It ain’t easy countin’ green: 442d FM puts in the hours to close out the fiscal year 23

  • Published
  • By Master Sgt. Bob Jennings
  • 442d Fighter Wing Public Affairs

For an organization the size and scope of the 442d Fighter Wing, the books don’t just balance themselves. Every year on Sept. 30, though – the end of the US government’s fiscal year – it must be done.

This year, the team of four financial analysts gave up their Saturday to make it happen. Before the fiscal year can officially be closed out for the wing, the analysts have to coordinate with the commander’s support staff to ensure all unpaid orders have funds obligated to them, and that all drill pay has been processed. Additionally, they have to make sure travel vouchers have been filed and paid out, and that any projects the wig is working on have balanced budgets, and the various accounts or “pots of money” the wing controls are balanced.

“We try to get things in by the deadline. That makes it easier,” said Lovella Valelo, the director of financial management for the 442 FW. “It’s difficult, because it’s a live system.”

Even as the FM office works diligently to close out the books, the wing is still running. Members still have orders to submit for pay, drill weekends to make up, and travel vouchers to file.

“Daily operations are still happening as we’re trying to close out,” said Lesley Kleyh, a budget analyst.

This year, FM sent their final number to Air Force Reserve Command FM for final verification on Sept. 29. However, due to the number of wings in AFRC, the command’s analysts can get bogged down.

Once they submitted the results, it became a waiting game. If AFRC agrees with their numbers, the FM office can declare the fiscal year closed and go home. If not, it gets kicked back to the wing for recalculation. Sometimes that can happen because of an order that gets certified after the closeout. In that case, the wing has to find the funds to cover the perceived shortfall before resubmitting to AFRC. Sometimes, in those cases, the wing has the funds left over to cover it. Occasionally, they have to ask higher headquarters for the money.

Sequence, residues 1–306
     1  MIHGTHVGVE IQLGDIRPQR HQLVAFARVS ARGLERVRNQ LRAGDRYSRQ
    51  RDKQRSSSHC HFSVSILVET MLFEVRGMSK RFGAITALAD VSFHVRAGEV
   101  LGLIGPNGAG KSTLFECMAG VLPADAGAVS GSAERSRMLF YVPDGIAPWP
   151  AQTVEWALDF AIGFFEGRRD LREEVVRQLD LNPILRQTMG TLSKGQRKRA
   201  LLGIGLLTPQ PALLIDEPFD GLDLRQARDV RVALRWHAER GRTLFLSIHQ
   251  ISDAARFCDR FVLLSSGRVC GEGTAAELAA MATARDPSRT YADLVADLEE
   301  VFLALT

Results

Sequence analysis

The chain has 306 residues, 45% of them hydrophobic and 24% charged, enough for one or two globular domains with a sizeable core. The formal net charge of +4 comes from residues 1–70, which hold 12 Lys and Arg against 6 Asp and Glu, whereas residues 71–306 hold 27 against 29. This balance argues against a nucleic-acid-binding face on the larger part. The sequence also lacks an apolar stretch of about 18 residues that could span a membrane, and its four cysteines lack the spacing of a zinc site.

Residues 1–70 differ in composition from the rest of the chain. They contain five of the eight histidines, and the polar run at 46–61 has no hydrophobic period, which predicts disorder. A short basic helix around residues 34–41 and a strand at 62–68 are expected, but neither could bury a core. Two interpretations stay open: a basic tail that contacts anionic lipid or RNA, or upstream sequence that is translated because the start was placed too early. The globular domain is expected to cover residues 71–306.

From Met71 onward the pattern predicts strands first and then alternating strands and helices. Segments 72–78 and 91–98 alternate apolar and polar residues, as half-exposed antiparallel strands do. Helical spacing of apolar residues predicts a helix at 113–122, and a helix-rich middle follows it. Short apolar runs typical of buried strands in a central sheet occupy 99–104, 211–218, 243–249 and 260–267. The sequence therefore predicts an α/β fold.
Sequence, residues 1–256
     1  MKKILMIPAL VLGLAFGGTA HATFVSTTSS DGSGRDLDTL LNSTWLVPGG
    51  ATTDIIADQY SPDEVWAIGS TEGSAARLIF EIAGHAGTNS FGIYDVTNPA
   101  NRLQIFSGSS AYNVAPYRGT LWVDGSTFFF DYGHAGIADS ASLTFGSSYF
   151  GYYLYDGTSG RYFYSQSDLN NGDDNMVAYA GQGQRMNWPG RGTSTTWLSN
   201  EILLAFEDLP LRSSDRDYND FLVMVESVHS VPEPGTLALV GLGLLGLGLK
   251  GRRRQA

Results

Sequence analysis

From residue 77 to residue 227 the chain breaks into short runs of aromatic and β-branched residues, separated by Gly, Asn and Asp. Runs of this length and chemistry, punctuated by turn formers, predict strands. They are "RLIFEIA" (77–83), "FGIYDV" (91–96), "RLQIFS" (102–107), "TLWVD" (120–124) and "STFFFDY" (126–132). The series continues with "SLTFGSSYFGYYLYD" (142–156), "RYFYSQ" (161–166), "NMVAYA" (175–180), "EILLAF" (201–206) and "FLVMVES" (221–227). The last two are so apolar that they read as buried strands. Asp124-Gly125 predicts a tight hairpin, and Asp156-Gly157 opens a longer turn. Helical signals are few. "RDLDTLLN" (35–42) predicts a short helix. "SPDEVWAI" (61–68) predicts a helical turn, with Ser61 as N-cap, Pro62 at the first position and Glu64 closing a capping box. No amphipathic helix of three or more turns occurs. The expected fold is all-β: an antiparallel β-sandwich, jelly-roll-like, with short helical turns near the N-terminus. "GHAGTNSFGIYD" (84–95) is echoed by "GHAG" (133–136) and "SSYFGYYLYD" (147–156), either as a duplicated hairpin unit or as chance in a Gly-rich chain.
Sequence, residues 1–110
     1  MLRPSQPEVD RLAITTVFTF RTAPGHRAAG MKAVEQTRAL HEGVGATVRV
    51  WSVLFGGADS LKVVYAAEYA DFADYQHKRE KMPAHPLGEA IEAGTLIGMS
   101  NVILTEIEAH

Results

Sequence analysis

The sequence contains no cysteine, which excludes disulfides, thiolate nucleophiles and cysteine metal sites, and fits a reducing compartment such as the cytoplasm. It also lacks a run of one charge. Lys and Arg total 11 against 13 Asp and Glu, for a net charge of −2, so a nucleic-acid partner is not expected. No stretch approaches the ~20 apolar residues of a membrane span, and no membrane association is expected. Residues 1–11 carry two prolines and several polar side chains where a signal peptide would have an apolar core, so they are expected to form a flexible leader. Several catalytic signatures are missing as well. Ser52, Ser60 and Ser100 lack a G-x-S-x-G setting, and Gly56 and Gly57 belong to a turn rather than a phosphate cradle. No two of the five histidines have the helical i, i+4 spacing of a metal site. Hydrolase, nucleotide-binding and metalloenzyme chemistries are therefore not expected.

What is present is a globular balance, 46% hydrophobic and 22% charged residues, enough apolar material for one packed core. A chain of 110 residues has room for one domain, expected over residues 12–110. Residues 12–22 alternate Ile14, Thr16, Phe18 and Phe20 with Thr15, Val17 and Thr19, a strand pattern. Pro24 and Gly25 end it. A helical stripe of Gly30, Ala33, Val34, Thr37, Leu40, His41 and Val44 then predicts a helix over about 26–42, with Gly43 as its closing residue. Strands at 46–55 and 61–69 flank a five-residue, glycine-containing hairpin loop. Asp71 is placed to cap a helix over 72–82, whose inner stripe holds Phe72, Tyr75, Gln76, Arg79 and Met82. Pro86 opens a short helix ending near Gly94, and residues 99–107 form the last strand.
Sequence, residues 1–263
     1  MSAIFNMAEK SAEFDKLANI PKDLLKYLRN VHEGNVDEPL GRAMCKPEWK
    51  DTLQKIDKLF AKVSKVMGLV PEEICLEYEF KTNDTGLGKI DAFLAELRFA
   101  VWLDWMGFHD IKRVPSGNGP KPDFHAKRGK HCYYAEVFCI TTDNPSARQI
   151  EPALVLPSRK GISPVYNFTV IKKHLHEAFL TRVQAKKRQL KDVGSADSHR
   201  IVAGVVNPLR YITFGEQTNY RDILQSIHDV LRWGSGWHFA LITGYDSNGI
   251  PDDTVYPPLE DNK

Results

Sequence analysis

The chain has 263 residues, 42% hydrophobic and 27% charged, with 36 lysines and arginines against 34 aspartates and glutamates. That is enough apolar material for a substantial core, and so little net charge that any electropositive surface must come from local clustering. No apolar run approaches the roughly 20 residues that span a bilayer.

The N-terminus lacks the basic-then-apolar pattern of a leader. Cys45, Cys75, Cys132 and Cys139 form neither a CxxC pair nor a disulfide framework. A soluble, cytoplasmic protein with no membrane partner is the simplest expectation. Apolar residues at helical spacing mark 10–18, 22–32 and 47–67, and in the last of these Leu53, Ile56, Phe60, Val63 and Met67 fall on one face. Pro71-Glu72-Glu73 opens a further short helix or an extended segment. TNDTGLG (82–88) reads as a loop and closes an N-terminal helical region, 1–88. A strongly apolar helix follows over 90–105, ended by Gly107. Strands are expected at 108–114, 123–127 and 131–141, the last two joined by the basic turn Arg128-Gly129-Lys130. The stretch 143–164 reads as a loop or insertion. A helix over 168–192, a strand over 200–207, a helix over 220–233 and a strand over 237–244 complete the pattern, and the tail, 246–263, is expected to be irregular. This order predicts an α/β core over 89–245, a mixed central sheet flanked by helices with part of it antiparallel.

Even if they do everything perfectly, though, some years other wings need to find funding for a late-closing order, and AFRC will pull that funding from a wing that has it, creating a perceived deficit and forcing the “lending” wing to recalculate and resubmit their closing numbers.

This year, in appreciation of their hard work, 442 FW commander Brig. Gen. Steve Nester brought in lunch and sat down to eat with the FM team.

Even having already closed out and sent their number to AFRC, Valelo still expects today to be a long haul.

“I’ve never left before midnight on Sept. 30,” she said, and recalled one year when the crew worked until 3:45 a.m. on Oct. 1.

The whole day isn’t spent waiting, though. Ever diligent, the FM team uses this time to catch up on training and keep their additional duties squared away.

Most years, close-out day is also used to prepare accounts for next year, including ensuring fiscal-year-spanning orders are rolled over correctly and getting the accounts ready for FY24’s funding allocations. This year, with a government shutdown looming, those important steps are put on hold.

“We don’t know what to project,” Valelo said. “We would normally have orders prepped to roll over into the new year, but the shutdown brings uncertainty.”